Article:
While these two references were written over 100 years apart (and while Moxon himself wasn't a joiner but a chronicler of the trades), I don't think we can definitively say that it was done during one period and not during another. I think it was more than likely just two different methods of work by two different masters, similar to how things are done today (e.g. one shop makes mortises with a router and one with a hollow chisel mortiser; one makes tenons with a tenon cutting jig, another with a dado stack).

I don't think there was a single way of doing things 250 years ago any more than there is today. In fact, there may have been even more variation as the sharing of information between regions would have been more difficult with only quill and ink or word of mouth as modes of communication.
Title: Re: Saw technique on period furniture
Post by: RenaissanceWW on January 18, 2010, 04:35:43 PM
Regarding oversaw on half blind dovetails.  It has always been my understanding that this was a particular trait of English cabinetmakers, while the Germans and Continentals stopped at the scribe lines.  That may explain why a lot of the stuff you see in central PA have no overcutting since there was a large German influence, while the Philly area the over cut is more prevalent.  I have read this before and remember Chuck Bender talking about it last time I was in his shop.
Title: Re: Saw technique on period furniture
Post by: jacon4 on January 31, 2010, 06:08:06 AM
"So, Mike, when did dovetails become the standard for drawer and carcasse construction in America"

I say during the William & Mary era, say 1700-1730. Prior to that, most furniture was made by joiners from riven (split) stock and drawers were side hung. The pit saw really killed the deal for joiners as furniture makers in America and opened the door for cabinetmakers with dovetailed construction, not only for drawers but the case as well.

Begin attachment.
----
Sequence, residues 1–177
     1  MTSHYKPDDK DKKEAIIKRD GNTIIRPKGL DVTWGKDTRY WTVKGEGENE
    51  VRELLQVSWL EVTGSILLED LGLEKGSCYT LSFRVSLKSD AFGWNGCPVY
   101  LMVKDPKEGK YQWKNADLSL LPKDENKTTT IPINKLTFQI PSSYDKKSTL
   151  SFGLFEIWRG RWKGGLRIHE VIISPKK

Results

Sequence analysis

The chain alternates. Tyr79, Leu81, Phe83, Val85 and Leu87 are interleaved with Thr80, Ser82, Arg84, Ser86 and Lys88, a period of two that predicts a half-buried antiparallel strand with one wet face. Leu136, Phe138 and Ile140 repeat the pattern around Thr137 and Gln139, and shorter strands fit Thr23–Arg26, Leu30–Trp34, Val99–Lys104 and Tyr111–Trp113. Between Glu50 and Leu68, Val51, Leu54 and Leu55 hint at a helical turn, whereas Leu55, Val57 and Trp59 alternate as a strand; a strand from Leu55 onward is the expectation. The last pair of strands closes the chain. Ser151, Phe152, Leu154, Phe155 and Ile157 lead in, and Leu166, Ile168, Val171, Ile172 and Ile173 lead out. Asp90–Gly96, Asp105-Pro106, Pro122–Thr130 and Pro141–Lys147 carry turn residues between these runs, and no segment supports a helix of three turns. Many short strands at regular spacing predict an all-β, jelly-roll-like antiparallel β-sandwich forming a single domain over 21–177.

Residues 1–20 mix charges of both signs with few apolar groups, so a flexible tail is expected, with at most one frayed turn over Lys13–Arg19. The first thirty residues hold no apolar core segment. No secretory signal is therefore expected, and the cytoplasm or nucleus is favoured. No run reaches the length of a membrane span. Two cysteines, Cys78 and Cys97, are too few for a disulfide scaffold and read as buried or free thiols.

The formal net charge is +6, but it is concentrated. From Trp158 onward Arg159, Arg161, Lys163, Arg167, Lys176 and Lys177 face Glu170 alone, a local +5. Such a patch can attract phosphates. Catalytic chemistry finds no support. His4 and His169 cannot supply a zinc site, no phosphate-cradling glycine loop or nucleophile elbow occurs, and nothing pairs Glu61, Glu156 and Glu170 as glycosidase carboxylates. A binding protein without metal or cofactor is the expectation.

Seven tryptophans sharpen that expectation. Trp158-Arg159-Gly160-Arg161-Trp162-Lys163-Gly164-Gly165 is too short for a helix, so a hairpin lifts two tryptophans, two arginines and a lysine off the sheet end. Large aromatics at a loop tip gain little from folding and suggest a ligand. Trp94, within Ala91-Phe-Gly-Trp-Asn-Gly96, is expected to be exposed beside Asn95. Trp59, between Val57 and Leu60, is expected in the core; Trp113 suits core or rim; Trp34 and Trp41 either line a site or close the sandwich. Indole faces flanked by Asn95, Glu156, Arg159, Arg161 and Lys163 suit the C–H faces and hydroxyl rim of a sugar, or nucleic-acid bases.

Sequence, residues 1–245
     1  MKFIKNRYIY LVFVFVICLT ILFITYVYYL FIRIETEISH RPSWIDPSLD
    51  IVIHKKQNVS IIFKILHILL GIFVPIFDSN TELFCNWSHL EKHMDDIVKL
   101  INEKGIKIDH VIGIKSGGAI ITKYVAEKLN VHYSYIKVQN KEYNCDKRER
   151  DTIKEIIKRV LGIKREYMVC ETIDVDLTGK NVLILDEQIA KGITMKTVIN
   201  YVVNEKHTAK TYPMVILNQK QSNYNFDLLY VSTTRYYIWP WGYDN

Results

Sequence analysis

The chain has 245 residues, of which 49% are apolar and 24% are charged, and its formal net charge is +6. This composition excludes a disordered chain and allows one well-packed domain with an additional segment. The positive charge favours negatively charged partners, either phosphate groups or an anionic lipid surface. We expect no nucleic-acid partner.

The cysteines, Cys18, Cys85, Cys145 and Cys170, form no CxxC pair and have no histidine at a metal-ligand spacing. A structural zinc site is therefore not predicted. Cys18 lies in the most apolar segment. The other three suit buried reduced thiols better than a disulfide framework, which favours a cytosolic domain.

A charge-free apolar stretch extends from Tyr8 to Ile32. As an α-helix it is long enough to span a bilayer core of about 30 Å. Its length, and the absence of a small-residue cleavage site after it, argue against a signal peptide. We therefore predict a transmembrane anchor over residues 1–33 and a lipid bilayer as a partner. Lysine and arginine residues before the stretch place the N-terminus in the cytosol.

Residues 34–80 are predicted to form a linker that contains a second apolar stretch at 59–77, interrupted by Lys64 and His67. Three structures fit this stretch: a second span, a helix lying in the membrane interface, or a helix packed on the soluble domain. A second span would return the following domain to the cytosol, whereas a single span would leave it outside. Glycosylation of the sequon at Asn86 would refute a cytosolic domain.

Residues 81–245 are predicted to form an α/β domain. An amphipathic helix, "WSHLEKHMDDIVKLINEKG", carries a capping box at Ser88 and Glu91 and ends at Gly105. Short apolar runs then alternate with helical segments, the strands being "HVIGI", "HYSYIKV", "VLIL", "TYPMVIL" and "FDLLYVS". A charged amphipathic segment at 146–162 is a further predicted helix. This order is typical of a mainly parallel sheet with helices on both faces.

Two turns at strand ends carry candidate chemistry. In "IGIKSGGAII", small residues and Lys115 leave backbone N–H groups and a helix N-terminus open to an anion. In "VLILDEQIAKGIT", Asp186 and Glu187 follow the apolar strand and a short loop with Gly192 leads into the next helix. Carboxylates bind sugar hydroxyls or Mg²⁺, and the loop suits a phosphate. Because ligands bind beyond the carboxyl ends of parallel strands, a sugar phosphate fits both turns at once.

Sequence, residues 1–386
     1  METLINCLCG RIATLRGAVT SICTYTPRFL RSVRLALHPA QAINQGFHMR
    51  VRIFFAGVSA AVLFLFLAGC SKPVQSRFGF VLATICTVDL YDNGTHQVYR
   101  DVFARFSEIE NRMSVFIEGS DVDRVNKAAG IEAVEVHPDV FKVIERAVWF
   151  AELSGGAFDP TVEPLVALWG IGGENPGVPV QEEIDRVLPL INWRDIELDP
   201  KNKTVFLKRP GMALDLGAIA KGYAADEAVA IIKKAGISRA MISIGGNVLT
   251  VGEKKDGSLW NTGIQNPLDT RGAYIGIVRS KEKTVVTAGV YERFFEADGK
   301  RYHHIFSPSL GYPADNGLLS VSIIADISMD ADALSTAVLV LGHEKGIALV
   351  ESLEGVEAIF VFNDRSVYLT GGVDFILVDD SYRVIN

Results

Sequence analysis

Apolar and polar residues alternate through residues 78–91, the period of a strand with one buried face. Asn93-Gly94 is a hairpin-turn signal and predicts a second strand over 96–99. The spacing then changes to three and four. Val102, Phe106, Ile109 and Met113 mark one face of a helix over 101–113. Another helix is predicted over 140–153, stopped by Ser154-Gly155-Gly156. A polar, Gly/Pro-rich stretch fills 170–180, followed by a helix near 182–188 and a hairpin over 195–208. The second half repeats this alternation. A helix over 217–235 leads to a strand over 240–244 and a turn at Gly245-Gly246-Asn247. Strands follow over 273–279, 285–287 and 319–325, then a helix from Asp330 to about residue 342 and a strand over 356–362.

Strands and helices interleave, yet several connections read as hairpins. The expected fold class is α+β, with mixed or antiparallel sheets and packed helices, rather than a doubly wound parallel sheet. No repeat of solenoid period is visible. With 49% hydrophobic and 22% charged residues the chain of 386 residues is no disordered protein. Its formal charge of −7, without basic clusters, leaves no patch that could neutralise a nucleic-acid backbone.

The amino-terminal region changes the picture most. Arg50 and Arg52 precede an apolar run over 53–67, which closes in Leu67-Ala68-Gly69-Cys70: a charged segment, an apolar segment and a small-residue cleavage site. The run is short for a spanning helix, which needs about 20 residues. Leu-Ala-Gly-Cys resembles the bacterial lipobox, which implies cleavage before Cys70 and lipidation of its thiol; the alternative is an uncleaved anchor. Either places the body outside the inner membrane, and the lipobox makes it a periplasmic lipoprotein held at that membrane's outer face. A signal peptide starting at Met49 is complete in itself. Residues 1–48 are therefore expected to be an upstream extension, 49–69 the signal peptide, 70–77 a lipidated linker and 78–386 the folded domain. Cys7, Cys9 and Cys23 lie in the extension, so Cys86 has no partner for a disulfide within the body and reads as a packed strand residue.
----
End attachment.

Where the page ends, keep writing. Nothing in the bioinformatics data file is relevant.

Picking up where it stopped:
Here is how Wallace Nutting decribes the change that took place at the beginning of the 18th century, his bias in favor of joined pilgrim/riven oak construction shows but he makes some valid points.

"There was no advance made by 18th century cabinetmakers, when they abandoned the scheme of frame and panel universal in the 17th century. Particularly in the great highboys and secretaries, the wide ends split. How could it have been thought possible, in a glued-up surface twenty-seven inches wide, that anything else would happen? The scheme of dovetailing everything was good, but the abandoning of panels was very unfortunate. The scheme was really the adoption of the board construction scorned in the 17th century. The consequence is today that large mahogany surfaces go to pieces, whereas the old oak goes on forever"
Title: Re: Saw technique on period furniture
Post by: albreed on January 31, 2010, 08:21:01 AM
Dovetailed draws were actually being used frequently in the 17th century, although they were still in paneled cases, and Nutting is certainly correct about the durability of wainscott construction.
I may have missed your point, but I don't think pitsawing had much to do with the success or failure of joiners. There wasn't much pitsawing done in the colonies. I think even the Fairbanks house has watersawn floor joists. Maybe Follansbee will weigh in on this-Al